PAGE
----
What would she tell Mary if she ever finds her, thinks Space Detective. There is no way to protect her, no politics or wealth or poverty or diet or location or occupation that might protect her from the unending symphonies of catastrophes, grief, and culpability.

Space Detective wonders, Was this Videogame? Am I still in Videogame?

A thin blade of an idea occurs to her, as it often did in the throes of intellectual pessimism: that these multiplying crises might be the bottom. That we were at a perilous inflection point but perhaps a door was opening the human race might walk through. After all, a growing methodology seemed to be one of choosing and advocating for those most systematically oppressed. People were saying collective liberation demanded equity and rights and agency extended to the “least of these.” Was this an inspiring and necessary fundamental philosophy for the race’s spiritual evolution? Was it condescension disguised as a gesture toward equality? Was this the solution to climate disaster, ableism, racial and financial castes, and forever war? Or was it a naive misunderstanding of the immutable laws of power and its attendant and required abject victims?

Space Detective emitted a bitter laugh and switched on the autopilot so she could take a nap.

 

As Space Detective approaches the reported coordinates she sees it’s the site of yet another protest march. She knows she’ll never spot Mary in this crowd. Nonetheless she hover-parks and cloaks her car and joins the march.

There are tens of thousands of people so it is trivial to blend in. However Space Detective is one of maybe a third of the crowd who are physically there. These are identifiable by the protective gear. Depending on the brand and type, this clothing is able to do the following: scramble recognition software, actively defend against Space Plague pathogens, provide some limited shielding in anticipation of state violence, and push through communication and news feeds. Usually these wearables look like, for some retro-fashion trend that Space Detective never could fathom, bell-bottom pants or Nehru jackets.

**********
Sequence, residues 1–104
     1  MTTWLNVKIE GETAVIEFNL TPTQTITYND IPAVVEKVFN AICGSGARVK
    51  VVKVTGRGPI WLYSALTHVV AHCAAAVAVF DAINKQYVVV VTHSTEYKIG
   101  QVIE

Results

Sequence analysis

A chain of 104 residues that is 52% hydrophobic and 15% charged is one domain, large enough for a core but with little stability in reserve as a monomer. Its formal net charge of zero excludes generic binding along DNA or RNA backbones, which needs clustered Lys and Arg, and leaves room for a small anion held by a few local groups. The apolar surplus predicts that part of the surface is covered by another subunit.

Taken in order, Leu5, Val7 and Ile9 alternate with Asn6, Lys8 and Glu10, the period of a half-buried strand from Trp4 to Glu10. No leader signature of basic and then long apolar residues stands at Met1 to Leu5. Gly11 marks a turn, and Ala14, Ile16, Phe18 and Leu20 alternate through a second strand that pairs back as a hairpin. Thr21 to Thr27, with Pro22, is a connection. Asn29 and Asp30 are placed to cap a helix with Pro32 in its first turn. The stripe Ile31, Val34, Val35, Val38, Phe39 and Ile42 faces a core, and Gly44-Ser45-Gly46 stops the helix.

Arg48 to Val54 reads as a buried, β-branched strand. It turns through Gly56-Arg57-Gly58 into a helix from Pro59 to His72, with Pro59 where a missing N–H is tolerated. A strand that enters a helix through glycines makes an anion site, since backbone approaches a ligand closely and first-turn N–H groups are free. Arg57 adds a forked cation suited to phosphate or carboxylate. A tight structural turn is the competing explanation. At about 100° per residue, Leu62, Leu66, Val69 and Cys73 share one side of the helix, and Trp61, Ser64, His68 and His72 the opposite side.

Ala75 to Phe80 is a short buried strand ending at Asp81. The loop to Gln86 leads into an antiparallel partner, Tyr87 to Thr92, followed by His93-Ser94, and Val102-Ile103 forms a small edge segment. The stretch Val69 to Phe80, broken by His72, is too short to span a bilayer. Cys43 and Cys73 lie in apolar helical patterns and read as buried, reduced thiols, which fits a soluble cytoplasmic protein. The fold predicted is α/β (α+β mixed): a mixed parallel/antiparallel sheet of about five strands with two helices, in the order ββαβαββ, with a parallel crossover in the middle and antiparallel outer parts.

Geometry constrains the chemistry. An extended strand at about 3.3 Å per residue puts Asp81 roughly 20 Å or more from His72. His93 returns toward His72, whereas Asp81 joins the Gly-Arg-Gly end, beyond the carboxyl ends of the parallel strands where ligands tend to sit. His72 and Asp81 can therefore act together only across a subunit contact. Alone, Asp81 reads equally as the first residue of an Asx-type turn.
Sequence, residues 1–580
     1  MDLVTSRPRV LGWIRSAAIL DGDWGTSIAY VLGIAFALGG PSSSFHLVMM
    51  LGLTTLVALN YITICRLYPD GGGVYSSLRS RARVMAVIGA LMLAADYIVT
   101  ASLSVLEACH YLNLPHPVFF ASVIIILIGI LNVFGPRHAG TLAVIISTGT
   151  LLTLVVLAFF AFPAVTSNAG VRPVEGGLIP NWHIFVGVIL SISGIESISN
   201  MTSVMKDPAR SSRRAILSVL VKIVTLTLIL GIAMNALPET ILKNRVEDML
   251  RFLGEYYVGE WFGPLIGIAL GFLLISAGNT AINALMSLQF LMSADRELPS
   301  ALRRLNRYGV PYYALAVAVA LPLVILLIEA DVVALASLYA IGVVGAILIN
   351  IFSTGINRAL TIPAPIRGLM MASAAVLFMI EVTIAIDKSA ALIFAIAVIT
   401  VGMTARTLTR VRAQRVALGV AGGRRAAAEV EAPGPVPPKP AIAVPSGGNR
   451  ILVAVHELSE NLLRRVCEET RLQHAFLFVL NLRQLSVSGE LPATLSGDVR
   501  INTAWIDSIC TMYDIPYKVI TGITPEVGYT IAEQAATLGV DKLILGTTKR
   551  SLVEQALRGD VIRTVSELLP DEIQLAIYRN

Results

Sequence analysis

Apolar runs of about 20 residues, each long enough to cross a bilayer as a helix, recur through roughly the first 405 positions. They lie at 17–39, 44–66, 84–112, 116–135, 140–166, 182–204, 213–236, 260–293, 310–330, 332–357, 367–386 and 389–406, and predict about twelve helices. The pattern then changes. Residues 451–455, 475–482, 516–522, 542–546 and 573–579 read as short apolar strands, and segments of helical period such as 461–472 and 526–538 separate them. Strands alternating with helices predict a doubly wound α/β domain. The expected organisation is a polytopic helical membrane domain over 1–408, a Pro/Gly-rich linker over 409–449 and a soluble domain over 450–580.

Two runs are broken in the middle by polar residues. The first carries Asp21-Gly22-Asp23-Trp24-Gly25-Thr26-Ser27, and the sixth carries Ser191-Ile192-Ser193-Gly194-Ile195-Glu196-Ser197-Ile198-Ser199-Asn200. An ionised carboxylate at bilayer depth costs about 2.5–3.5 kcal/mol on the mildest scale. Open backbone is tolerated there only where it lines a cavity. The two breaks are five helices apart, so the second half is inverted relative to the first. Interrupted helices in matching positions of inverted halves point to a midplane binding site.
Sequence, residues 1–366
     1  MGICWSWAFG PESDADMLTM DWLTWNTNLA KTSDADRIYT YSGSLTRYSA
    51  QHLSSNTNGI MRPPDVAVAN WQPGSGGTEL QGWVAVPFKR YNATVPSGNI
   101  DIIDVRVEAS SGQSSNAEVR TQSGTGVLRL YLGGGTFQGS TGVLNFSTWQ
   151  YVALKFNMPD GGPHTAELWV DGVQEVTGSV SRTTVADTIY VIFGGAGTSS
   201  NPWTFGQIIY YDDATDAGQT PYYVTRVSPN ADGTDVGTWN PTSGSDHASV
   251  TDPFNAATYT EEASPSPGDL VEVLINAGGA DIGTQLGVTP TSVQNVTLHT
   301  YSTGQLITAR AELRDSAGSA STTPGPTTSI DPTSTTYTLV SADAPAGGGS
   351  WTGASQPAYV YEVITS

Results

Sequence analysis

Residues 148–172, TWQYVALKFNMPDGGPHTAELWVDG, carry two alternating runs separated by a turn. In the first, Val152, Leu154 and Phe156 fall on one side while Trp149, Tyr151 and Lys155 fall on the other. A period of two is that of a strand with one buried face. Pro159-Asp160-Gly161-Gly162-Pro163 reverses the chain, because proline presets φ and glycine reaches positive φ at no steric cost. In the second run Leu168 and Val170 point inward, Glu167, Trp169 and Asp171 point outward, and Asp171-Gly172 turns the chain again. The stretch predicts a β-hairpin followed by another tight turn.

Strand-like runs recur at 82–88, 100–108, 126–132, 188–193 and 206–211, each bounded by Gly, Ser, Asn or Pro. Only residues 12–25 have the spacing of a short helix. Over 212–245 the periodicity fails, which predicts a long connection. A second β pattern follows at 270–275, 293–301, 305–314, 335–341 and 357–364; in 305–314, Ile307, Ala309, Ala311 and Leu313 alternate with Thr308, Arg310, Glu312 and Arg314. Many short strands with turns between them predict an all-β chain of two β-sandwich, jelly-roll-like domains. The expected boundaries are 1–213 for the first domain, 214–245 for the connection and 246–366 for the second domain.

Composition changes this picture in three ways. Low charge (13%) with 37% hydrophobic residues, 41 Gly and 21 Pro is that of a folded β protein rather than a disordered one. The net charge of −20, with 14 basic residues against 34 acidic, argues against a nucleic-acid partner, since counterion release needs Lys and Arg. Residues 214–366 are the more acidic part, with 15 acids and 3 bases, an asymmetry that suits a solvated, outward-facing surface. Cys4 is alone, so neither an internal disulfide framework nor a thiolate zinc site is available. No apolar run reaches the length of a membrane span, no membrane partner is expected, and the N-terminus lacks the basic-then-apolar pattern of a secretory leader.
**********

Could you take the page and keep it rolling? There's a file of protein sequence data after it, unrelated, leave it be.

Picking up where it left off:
The majority of the protesters, however, aren’t physically there. They are projecting their bare-naught avatars onto the site but declaring themselves loyal to the cause by indicating in their status reports that they had not fractured any of their attention and had reduced their avatar activity to singleton mode. “I am here!” they announce from afar.

 

Indeed the irony was that many of the projected participants may have been more attentive than the meatspace ones as Space Detective saw many of the latter with picture-in-picture windows and side feeds as they auto-marched. Without much conviction Space Detective scans the crowd for Mary. There are many children, as is true of most protests.

After twenty minutes, Space Detective grows weary of lip syncing to nonsensical chants. She returns to her car and goes home proposing and then discarding options to herself for the right menu of drugs she may take that evening.

 

In the future, which is where Space Detective abides, marches continue as a kind of important political theater, however, one of the key changes between now and that unbridgeably future then is that everyone understands the audience for these protests aren’t politicians or other state actors. Rather the protests function as an advertisement of possibility to the people. Even as protests increased in size, they never could amount to a significant portion of the population. And poll numbers, which is all that were ever considered as (increasingly negligible) variable, always reflected a more staid and if not more conservative then a more uninterested and uneducated majority. That is, if they looked at all, politicians and capitalists looked at icy, chiseled poll numbers, and not at the fiery, pounding theater of marches. But organizers learned that the only way to move the general sentiment was through the spectacle of many puny wills in overwhelming sum. A military parade is a show of power. A protest march isn’t a show of power as much as it’s an incantation, a whisper, to the sympathetic but not yet engaged. In history, which is where Space Detective also abides, mass protests are not only the desperate penultimate expression of discontent before despair and violence, but also a magic bell to awaken buried, innocent dreams of justice.

Is this Videogame? thinks Space Detective.


Space Detective is in a luxury sedan driving triple the speed limit through an outer borough avenue. Behind her are huge, so-called sports utility vehicles weaponized with armor and turrets of rapid-fire rayguns. Inside these cars are all the Space Detective’s college professors who looked roided up into menacing, muscle-bound versions of themselves. Through loudspeakers they shout at Space Detective things like, “You’re late for the midterm!” and “The paper was due two weeks ago!” and “It’s obvious you didn’t do the reading!” To drown them out, Space Detective turns on the radio.